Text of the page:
In this example, the goal is to create an "locked" reference that won't change when columns or rows are added or deleted in a worksheet, or during a copy / paste / cut operation.
The INDIRECT function accepts text, and evaluates that text as a reference. As a result, the text is not susceptible to changes, like a normal cell reference. It will continue to evaluate to the same location regardless of changes to the worksheet. For example, this formula:
will continue to return a reference to cell A1 even if row 1, or column A, are deleted.
A reference created with INDIRECT can be used just like a regular cell reference in other formulas. In the worksheet shown above, the formulas in E5:E9 use INDIRECT to create a locked reference that won't change:
=INDIRECT("B5") =SUM(INDIRECT("B5:B16")) =MIN(INDIRECT("B5:B16")) =MAX(INDIRECT("B5:B16")) =COUNT(INDIRECT("B5:B16"))
This approach can be useful when a worksheet is routinely edited in a way that would break traditional cell references.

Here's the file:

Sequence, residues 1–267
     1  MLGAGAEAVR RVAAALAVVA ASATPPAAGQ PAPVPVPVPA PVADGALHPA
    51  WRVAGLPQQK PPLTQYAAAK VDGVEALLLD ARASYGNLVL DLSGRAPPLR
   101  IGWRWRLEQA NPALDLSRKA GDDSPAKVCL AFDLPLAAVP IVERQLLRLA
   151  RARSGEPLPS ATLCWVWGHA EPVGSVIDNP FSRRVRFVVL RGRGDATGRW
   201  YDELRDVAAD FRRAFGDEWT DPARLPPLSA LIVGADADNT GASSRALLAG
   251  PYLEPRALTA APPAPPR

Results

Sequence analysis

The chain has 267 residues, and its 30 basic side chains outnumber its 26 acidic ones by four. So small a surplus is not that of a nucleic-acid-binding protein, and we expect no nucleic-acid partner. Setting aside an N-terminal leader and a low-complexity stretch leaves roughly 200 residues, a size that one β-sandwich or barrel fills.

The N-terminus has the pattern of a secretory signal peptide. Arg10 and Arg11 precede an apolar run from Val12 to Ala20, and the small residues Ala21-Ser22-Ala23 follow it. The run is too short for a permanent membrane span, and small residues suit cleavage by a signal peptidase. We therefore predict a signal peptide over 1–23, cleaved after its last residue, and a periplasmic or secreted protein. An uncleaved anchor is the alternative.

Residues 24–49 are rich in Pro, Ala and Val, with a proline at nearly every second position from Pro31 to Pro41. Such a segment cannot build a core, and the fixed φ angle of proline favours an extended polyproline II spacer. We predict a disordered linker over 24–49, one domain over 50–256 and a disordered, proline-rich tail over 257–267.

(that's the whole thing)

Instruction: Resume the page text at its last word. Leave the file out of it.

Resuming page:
Formulas with sheet names must follow standard rules. Sheets names without spaces or punctuation need no extra handling:
Sheet names with space or punctuation need to be enclosed in single quotes ('):
=INDIRECT("'Sheet 1'!A1") // note single quotes
Note: if you *rename* a sheet name used in INDIRECT, the reference will break. This happens because the reference is entered as text and therefore is not automatically updated like a normal reference.
Different from absolute and relative references
Using INDIRECT is different from standard absolute, relative, and mixed references. The $ syntax is designed to allow "intelligent" copying and pasting of formulas, so that references that need to change will change, while references that shouldn't change, will not change. Using INDIRECT with text references stops all changes to the reference, even when columns/rows are inserted or deleted, or when a sheet is renamed.
Note: INDIRECT is a "volatile function" function, and can cause slow performance in large or complicated workbooks.